Paul Presented to the PIX Industry Conference on How Changes for Consumers and the Future of Shopping Will Impact on the Agricultural Supply Chain

The key points were:

  • Consumers are being shaped by their experience with all the companies and organisations they interact with. So you are not competing with other players in your sector, you are competing against every customer experience they have.
  • One possible future for shopping is an increase in online commerce. In the food sector, this is easier to carry out for non-perishables. This means that many non-perishables may become part of an automated ordering and delivery system, reducing the amount of attention that consumers allocate in deciding which ones to buy. This means that more attention will be paid to the perishable goods, increasing the interest that consumers have in where their products come from.
  • A second possible future for shopping is that brick and mortar stores fight back against e-commerce by mirroring the advantages that online shopping has. They will do this by reducing the friction in the shopping process (eg Amazon Go) and increasing the technology that is part of the process including sensors and augmented reality information systems. Tied to information that retailers already have on identity, shopping habits, and payment systems this means that retailers will have far more information on consumers. At its extreme retailers will be able to run A/B testing systems in the store just like websites do now. They will be able to supply consumers with different information and see what effects it has on buying decisions.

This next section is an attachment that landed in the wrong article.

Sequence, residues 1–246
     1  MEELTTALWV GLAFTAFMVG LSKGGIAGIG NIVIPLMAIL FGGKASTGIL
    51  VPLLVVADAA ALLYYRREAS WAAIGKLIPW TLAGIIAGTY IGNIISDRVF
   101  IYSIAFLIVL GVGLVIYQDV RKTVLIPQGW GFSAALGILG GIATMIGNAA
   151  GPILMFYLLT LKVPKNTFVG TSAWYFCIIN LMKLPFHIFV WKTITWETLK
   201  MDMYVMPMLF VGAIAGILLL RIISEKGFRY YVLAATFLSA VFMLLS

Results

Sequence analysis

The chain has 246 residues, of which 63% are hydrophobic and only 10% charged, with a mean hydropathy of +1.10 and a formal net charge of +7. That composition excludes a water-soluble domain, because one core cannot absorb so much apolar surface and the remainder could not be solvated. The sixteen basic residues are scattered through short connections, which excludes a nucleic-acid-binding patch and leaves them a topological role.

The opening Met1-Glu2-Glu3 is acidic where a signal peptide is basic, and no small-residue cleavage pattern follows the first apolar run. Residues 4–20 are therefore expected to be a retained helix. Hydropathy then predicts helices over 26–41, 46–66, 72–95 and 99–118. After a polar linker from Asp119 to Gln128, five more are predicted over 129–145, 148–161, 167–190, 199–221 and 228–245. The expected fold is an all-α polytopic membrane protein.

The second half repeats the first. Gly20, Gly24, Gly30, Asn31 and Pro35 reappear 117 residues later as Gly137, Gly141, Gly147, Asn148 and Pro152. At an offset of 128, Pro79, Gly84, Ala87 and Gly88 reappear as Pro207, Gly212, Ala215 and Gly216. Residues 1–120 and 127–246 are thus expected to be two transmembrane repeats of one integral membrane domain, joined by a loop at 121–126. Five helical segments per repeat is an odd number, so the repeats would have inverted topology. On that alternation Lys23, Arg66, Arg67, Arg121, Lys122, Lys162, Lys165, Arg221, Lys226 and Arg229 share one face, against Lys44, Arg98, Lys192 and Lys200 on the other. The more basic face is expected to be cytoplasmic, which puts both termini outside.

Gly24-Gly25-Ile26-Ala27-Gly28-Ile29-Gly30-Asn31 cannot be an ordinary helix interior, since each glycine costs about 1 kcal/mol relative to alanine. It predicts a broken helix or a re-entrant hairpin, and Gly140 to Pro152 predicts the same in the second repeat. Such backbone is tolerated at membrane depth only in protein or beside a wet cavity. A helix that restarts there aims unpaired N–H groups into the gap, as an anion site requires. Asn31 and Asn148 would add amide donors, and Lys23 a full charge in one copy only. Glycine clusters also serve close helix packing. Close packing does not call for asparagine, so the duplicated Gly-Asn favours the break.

• All of this means that consumers will be far more interested where perishable goods come from and how they have been produced and feedback down the supply chain will get closer and closer to real time. Producers that can figure out in advance what consumers want will have leverage for higher margins in the relationships with retailers.